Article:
Joe Iudice – Up in the Air, Feet on the Ground

I went into Manhattan today to interview for a project manager job with a company called Genesis Networks. It couldn’t have gone much better (well, it could have been better if they had offered me the job, but more on that later). I had done my research on their business, reading their website and other info on the web. I also read an article written by their CEO and founder, Paul Dujardin. As I sat in their waiting area that morning, a mature gentleman walked by (on his way to a meeting), and introduced himself. It was the CEO, and we started talking….I told him I read his article (he looked a little embarrassed and impressed), and we started chatting. I thanked him for the article advice.  He was a nice man, and some of our past experiences were similar at ATT, Bell System, etc. We talk about his product (Video over IP), and I let him know how interesting I thought it was (sincerely).

The interview part went well, too. The interviewer was a “regular guy” and a “paisan” to boot. He even had a pony tail. I was dressed up (black suit, white shirt…suspenders even) which was good, because this isn’t a business casual place. Both of us felt a bit awkward at the beginning, but became comfortable pretty quickly. He mentioned it would be an easy commute for me, that the hours were a very reasonable 9 to 5-5:30, there would be a second interview down the line, and he offered me a tour of his operations center and other areas. All things I felt were positive—you don’t say those things to a candidate you’ve written off. He didn’t feel comfortable talking salary and he didn’t want to insult me with a low offer, as I told him how much I made at Verizon, that I was making less now, and would be willing to negotiate for the right position (which took the pressure off him). He mentioned a possible range (just between us, he said) and I said that would be fine.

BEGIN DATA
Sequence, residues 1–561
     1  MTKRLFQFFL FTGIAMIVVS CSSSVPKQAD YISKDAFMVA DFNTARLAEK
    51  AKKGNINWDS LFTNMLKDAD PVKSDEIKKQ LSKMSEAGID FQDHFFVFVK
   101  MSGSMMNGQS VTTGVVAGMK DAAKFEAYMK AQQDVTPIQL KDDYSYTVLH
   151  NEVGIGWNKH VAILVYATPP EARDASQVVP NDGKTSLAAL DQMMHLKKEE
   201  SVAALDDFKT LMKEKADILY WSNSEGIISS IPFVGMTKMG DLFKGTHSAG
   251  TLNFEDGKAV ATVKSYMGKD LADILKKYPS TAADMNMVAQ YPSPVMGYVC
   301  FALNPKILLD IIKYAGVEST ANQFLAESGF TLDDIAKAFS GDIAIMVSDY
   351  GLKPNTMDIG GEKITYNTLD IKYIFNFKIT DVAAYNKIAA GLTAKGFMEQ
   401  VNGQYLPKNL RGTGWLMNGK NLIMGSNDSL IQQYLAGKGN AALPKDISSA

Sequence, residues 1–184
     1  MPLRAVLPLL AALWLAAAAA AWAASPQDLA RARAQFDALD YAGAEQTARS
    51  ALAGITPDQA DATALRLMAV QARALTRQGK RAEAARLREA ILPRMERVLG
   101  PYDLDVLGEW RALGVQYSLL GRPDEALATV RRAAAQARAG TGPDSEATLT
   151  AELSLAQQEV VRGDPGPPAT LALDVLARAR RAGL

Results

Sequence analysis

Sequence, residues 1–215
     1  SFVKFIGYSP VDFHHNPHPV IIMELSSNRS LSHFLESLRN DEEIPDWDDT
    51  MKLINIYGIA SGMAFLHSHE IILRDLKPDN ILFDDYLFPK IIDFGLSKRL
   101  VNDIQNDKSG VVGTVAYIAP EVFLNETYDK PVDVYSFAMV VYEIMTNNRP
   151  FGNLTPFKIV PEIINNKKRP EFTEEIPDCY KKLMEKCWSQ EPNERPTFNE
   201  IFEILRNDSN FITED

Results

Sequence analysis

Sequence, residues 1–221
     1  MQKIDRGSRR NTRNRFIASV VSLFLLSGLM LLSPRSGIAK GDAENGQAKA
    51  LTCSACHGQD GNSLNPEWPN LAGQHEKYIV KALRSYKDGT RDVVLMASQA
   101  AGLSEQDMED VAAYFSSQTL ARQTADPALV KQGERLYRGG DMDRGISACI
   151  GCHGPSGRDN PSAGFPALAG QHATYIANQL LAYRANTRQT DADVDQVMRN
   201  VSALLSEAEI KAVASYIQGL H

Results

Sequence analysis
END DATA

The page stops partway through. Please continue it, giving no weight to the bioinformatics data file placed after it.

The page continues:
The boss, the chief sales guy (who also introduced himself), the office manager who had called to set this up, and the interviewer…all were nice people I’d be happy to work with. I said that to the interviewer. He’s done six or so interviews already, and was planning some more (they had over 1,000 resumes sent in for this one position) with decisions sometime after New Year’s.

Finally leaving, during my tour, I mentioned something I had found online—another website with their company name, selling a slightly similar service. The interviewer and one of his web people looked it up and were surprised to see what I found, so I left feeling I had helped out a bit already.

I called and thanked the office manager the next day, and got the interviewer’s email address for a thank you memo to him. Even if there were a lot of other applicants, I still feel like I have a chance.

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